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Slaughter v. Escamilla

United States District Court, D. Nevada

March 26, 2018

RICKIE SLAUGHTER, Plaintiff,
v.
SHANE ESCAMILLA, et al., Defendants.

          ORDER RE: ECF NO. 43

          WILLIAM G. COBB UNITED STATES MAGISTRATE JUDGE.

         Before the court is Plaintiff's Motion for Leave to File Second Amended Civil Rights Complaint and Proposed Second Amended Complaint. (ECF No. 43.)

         I. BACKGROUND

         Plaintiff is an inmate in the custody of the Nevada Department of Corrections (NDOC), now apparently housed at the Saguaro Correctional Center (SCC) in Arizona. He is proceeding pro se with this action pursuant to 42 U.S.C. § 1983. The events giving rise to this action took place while Plaintiff was housed at Ely State Prison. (Id.)

         Plaintiff filed his original complaint, which the court screened and allowed to proceed on: (1) a retaliation claim in Count I against Escamilla based on allegations that Plaintiff asked for photocopies of grievance-related documentation, and Escamilla refused to verify that the copies had been made contrary to prison policy, and when Plaintiff threatened to file a grievance, Escamilla said he was sick of prisoners filing grievances and if Plaintiff did so, he would not get his papers back; (2) a supervisory retaliation claim and conspiracy to retaliate claim in Count II against Rose based on allegations that Rose was advised of Escamilla's retaliation and allowed the retaliation to continue to occur by fabricating reasons for Escamilla's actions and crafting a false memo accusing Plaintiff of refusing the documents. (Screening Order, ECF No. 3; Compl., ECF No. 4.)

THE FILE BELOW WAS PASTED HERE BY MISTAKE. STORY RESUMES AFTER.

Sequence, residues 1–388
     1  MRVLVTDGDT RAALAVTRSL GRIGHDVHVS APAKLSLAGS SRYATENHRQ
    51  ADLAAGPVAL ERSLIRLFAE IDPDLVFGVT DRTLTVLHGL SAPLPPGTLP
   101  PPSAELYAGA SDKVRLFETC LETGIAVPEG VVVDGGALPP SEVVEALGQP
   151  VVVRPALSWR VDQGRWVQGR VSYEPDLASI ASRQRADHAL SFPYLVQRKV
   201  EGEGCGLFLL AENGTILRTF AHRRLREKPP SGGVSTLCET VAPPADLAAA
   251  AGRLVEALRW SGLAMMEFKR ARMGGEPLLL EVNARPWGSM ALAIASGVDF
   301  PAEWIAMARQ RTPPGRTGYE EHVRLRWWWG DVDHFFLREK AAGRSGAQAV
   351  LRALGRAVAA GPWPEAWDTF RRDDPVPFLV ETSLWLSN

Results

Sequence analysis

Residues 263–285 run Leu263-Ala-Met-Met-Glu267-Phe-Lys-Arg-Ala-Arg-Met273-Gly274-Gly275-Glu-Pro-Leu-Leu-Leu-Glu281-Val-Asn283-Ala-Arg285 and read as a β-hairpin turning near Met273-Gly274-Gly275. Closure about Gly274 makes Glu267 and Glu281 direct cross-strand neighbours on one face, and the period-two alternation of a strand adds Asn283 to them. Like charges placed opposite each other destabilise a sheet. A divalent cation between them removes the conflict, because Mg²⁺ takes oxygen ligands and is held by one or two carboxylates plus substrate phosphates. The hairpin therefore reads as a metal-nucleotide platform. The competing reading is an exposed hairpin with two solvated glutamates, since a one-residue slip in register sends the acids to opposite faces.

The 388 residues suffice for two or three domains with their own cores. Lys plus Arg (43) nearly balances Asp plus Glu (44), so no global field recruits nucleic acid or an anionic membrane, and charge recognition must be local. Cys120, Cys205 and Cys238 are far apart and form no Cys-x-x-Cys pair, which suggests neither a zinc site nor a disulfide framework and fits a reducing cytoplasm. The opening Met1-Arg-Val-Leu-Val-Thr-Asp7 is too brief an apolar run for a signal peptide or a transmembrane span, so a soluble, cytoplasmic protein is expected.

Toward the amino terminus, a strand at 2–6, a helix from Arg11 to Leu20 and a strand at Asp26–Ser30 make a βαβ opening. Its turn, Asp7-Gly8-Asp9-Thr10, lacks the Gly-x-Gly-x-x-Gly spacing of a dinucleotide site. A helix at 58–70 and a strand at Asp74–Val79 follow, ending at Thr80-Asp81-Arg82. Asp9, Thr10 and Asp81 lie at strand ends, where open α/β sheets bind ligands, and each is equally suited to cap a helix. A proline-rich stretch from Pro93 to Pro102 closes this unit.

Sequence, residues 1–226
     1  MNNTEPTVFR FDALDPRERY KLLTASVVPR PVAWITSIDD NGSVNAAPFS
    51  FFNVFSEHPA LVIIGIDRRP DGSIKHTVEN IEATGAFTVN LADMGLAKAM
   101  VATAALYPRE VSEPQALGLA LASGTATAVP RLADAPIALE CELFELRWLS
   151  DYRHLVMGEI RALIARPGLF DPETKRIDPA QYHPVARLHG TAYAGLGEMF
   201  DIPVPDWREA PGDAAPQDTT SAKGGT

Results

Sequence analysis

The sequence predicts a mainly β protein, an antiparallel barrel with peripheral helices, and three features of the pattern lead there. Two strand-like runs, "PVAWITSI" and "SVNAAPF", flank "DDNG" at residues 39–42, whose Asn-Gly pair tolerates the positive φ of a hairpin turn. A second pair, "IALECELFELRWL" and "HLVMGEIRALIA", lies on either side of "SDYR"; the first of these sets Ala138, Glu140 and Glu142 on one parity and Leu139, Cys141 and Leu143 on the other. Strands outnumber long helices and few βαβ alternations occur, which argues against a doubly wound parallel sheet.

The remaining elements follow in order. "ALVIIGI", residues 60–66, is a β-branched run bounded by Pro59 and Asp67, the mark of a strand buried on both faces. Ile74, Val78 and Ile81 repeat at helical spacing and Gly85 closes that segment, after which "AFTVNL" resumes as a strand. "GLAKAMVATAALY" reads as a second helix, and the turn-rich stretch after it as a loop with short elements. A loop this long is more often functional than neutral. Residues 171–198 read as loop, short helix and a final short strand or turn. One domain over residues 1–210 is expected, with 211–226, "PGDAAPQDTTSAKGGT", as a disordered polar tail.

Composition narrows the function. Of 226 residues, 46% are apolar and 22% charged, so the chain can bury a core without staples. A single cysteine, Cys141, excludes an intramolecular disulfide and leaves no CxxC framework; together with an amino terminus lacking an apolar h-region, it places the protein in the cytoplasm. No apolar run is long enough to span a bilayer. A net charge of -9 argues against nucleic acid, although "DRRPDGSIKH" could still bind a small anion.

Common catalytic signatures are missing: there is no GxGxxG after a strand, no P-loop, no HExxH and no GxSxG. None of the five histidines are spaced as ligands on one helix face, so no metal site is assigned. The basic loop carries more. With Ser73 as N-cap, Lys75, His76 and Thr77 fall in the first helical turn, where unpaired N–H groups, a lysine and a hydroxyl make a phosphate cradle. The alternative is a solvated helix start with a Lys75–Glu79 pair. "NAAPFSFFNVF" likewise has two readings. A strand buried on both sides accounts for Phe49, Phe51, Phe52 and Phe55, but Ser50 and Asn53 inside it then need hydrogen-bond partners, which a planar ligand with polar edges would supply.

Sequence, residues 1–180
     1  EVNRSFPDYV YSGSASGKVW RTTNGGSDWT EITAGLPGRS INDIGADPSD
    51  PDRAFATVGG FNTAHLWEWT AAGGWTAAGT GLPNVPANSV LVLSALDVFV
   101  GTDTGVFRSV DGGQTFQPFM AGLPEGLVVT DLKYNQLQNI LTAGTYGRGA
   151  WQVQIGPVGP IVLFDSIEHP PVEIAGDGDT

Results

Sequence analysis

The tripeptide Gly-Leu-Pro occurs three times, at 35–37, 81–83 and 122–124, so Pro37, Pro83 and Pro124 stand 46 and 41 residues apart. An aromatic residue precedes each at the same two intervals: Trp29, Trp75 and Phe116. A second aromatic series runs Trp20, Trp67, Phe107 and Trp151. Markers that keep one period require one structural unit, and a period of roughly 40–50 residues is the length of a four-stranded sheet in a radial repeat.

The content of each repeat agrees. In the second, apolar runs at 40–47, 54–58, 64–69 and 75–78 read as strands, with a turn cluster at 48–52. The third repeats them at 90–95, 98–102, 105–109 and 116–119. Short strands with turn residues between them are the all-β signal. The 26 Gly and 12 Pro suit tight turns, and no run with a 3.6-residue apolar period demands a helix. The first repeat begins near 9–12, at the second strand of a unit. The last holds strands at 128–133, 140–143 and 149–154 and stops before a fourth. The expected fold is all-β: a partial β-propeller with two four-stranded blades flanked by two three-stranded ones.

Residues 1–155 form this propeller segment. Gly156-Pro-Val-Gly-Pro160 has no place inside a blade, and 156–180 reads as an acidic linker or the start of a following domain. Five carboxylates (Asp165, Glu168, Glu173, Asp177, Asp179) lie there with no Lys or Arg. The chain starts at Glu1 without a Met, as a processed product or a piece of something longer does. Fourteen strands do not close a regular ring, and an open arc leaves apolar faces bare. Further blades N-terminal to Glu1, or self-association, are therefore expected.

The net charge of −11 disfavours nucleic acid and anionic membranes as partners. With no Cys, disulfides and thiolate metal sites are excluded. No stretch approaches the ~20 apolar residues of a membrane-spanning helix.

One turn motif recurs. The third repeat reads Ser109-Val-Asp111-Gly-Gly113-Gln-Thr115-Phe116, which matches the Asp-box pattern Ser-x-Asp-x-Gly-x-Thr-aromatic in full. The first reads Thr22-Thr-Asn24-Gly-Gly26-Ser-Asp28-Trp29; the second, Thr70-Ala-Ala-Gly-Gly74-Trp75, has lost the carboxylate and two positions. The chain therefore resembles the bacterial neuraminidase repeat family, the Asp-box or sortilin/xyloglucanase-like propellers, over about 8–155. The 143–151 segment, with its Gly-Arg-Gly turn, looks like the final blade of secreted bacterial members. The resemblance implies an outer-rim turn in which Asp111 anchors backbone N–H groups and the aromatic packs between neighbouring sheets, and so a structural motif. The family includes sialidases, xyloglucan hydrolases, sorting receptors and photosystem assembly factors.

Plaintiff subsequently filed a motion for leave to file a first supplemental and amended civil rights complaint to add claims of retaliation and conspiracy against Rose and a new defendant, caseworker Melissa Travis. (ECF Nos. 14, 14-1.) Plaintiff alleged that Rose retaliated against him again by confiscating his legal papers related to this case and another case in response to Plaintiff's filing of a grievance against Rose and Escamilla. When Plaintiff filed a grievance about that conduct, the grievance responder, Melissa Travis, allegedly threatened to file false disciplinary charges against Plaintiff and have him barred from further access to ESP's law library services. Finally, he claimed that Rose retaliated against him for filing this lawsuit by depriving him of physical access to the law library on several occasions.

         Defendants filed a non-opposition to the motion. (ECF No. 15.) The court granted the motion on September 14, 2017 (ECF No. 16), and the amended complaint was filed (ECF No. 17). Defendants Escamilla, Rose and Travis filed an answer on October 5, 2017. (ECF No. 20.) The court issued a scheduling order on October 6, 2017. (ECF No. 21.) The deadline to join additional parties or seek leave to amend was December 5, 2017. (Id.) Discovery was to be completed by January 4, 2018. (Id.) A motion filed beyond that deadline required a good cause showing. (Id.)